The growth of the prison system in the US was closely tied to the abolition of slavery. After abolition, former slaveowners in the South were looking for a continued source of cheap labor. They were also looking for a way to continue to exert control over black people:
The new Black Codes proscribed a range of actions - such as vagrrancy, absence from work, breach of job contracts, the possession of firearms, and insulting gestures or acts - that were criminalized only when the person charged was black.
These laws were literally written so that only black people could be charged. Also, slavery had been abolished by the 13th Amendment “except as a punishment for crime, whereof the party shall have been duly convicted”. Once a person was convicted, individuals and companies could “lease” a group of convicts to perform work. These people were treated even worse than slaves. If a slaveowner treated a slave so poorly that they ended up killing a person, they had to buy another slave. If a person who leased convicts killed someone, they were simply sent a new convict. This is something I had never heard of; it’s a part of the US race story that I was never taught. In school we went from slavery to the Civil War, to a touch of Jim Crow, and ended with the Civil Rights movement when black people were finally equal in society and we didn’t have to think about race anymore.
The system of Black Codes that set up black people to be leased out as slaves seems like something from the distant past, but it’s still happening. There are numerous examples around the country of prisoners performing a wide range of labor. They aren’t being trained for work that will keep them out of prison once they’re released; many of them are barred from finding work in the same field when they are released. And many of them are serving long sentences for nonviolent crimes, and don’t need “retraining” or “rehabilitation” in the first place.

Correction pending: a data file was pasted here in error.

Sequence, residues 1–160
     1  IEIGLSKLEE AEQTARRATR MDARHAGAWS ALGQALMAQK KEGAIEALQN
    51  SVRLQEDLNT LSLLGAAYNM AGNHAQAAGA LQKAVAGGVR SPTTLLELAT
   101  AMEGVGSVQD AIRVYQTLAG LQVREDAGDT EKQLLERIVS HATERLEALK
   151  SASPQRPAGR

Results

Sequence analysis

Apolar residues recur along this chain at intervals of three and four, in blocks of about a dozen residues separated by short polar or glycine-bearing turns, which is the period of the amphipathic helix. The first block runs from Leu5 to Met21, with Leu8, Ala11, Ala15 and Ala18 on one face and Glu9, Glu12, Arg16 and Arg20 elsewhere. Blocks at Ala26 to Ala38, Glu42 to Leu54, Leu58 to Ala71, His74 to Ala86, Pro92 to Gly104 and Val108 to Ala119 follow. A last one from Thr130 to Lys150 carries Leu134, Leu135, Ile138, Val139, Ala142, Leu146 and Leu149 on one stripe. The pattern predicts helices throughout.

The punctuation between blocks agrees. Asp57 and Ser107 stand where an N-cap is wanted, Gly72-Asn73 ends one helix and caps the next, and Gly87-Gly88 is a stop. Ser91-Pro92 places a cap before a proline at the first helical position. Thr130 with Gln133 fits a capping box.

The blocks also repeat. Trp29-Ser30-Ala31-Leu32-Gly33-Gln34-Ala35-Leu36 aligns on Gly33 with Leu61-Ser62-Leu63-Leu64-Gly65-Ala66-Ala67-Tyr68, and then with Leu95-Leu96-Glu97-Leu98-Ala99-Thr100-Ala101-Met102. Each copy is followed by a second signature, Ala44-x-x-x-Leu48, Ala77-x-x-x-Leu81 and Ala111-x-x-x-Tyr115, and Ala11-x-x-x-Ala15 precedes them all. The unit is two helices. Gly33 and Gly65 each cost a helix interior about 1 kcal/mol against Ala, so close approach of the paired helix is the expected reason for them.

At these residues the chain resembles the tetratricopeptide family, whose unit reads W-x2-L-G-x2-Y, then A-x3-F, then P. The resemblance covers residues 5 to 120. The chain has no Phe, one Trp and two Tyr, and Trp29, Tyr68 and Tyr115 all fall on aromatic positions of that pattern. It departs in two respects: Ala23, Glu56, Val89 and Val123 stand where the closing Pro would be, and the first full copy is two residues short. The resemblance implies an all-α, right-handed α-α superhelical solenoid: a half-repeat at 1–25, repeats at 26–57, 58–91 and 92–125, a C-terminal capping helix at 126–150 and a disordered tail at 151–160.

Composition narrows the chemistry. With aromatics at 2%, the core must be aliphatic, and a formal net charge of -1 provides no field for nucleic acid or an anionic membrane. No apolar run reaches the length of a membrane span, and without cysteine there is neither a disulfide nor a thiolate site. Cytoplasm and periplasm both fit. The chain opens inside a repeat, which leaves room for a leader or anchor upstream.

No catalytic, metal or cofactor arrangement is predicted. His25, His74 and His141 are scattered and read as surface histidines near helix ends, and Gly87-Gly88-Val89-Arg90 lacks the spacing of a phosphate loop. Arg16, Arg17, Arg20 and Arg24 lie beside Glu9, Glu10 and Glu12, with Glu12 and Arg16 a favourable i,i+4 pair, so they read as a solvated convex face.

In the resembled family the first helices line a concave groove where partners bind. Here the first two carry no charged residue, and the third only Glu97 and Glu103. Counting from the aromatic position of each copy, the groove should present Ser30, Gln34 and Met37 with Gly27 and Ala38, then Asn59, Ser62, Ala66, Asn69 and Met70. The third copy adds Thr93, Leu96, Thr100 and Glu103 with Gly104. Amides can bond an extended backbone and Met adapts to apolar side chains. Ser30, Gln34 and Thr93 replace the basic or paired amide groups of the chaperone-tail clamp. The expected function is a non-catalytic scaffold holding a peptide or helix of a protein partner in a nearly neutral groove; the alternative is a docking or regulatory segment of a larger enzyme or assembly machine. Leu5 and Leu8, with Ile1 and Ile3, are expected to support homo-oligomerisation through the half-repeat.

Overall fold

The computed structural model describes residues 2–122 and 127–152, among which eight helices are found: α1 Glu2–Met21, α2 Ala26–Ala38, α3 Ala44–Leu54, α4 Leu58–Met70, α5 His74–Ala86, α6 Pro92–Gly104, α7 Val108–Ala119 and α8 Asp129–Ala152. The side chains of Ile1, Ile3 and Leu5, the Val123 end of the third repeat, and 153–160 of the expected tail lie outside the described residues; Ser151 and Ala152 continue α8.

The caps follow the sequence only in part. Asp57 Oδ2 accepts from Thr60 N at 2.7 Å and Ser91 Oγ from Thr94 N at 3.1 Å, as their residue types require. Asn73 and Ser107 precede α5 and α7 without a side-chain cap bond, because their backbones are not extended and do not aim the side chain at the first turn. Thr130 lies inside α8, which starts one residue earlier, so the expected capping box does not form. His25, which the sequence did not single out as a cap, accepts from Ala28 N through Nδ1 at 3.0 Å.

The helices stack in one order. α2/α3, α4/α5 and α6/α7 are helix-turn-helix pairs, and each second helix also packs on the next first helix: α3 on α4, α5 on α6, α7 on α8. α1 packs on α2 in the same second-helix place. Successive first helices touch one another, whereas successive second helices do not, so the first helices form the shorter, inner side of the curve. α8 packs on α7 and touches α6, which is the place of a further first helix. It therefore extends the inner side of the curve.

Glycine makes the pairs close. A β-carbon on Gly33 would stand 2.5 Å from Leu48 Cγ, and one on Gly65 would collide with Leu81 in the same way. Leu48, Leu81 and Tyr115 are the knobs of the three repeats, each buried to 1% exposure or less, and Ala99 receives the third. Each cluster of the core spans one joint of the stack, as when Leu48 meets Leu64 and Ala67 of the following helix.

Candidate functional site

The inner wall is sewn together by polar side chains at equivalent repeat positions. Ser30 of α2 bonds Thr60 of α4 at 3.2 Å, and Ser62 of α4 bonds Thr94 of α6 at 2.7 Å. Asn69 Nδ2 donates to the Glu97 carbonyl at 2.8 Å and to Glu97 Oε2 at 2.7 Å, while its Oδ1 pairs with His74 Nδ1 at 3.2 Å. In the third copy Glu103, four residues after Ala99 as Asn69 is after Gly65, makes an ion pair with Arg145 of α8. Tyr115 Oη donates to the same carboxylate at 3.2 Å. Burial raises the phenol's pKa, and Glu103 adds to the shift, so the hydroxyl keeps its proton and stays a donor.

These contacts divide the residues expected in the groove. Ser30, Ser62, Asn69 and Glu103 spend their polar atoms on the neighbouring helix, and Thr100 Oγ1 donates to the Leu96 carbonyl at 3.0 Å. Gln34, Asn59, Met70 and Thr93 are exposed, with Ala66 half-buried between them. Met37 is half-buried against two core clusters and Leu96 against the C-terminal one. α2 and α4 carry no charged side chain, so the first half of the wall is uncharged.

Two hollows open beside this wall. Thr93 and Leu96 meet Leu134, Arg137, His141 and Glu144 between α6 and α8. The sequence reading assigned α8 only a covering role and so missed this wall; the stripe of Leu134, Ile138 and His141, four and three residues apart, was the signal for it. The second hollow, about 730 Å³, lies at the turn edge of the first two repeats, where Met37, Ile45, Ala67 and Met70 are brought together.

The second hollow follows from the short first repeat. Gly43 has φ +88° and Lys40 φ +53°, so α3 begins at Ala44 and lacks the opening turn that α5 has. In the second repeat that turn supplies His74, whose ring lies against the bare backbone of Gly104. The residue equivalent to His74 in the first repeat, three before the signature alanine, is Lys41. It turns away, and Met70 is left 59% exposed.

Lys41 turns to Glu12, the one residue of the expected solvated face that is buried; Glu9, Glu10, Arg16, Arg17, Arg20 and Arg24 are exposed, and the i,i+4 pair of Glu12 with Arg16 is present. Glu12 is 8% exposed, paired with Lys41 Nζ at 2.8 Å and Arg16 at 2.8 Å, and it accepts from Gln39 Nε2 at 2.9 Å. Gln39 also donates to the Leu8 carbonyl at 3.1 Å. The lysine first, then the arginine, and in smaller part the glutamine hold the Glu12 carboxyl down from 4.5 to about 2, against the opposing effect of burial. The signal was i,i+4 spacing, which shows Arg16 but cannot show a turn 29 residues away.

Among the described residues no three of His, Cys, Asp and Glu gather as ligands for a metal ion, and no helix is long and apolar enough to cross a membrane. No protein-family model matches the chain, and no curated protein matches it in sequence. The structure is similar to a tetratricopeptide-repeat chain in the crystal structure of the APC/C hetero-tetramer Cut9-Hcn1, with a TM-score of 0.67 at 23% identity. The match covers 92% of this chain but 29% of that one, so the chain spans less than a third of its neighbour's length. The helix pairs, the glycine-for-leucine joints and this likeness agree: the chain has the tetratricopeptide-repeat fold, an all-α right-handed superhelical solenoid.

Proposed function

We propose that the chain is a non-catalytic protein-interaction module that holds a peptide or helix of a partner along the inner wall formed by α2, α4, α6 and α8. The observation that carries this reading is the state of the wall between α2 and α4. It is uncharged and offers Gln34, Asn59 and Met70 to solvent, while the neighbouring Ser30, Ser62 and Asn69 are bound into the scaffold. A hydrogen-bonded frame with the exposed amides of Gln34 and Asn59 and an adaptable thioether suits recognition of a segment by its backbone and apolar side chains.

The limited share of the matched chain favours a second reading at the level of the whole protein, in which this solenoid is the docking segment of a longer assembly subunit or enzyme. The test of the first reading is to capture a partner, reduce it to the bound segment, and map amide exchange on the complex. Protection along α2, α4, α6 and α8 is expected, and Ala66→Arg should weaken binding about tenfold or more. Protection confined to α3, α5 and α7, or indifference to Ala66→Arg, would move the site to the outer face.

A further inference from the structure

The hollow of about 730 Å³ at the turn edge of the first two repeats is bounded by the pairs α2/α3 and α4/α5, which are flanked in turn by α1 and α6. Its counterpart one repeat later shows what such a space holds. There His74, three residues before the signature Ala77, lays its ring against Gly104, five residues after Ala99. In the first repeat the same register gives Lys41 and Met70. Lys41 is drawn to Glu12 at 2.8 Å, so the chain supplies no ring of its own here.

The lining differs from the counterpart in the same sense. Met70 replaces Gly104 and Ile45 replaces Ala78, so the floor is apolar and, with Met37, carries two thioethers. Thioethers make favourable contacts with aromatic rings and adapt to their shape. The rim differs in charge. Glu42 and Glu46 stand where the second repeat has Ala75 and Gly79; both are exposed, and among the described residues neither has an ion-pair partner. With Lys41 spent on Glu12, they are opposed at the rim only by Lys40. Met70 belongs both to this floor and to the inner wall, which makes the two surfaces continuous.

Should prisons be abolished? The clear answer is yes, as far as what prison looks like in today’s society. Black people, other minorities, and poor people are convicted at much higher rates than middle and upper class white people. When they are convicted, their prison sentences and fines are far disproportionate to any “crime” they may have committed. People’s lives are derailed and destroyed by what we have built.
So why don’t we abolish the current system? A number of people make a lot of money off of this system, and they make more when we expand the system. They make money from building prisons, from selling the labor of people in the system, from contracts to operate the facilities, from providing monopolistic and predatory “services” to people in the system, and more. These are powerful people who are not always easy to name, creating a system that is difficult to challenge.
So where do we go from here? First, I highly recommend this book if you haven’t already read it. It’s a quick read, and it gives a solid background for understanding the origins of the system we’re dealing with today. It’s not a light read at all, but it lays things out as they are, which feels better than not knowing what’s really happening.
It isn’t enough to simply understand how this system came to be. We all need to act to stop building an even larger system, and to start dismantling the one that we currently have. Don’t support building new prisons in your state. Don’t laugh off backhanded comments about sexual violence in prisons. Find people working in your state who are addressing laws and policies at the state level and support their work. Support projects that protect and help people in prison, and oppose initiatives to restrict and cut services to people in prisons. Don’t assume that someone who went to prison is a bad or dangerous person who is prone to violence. Look for people and organizations working at the local, state, national, and even international levels.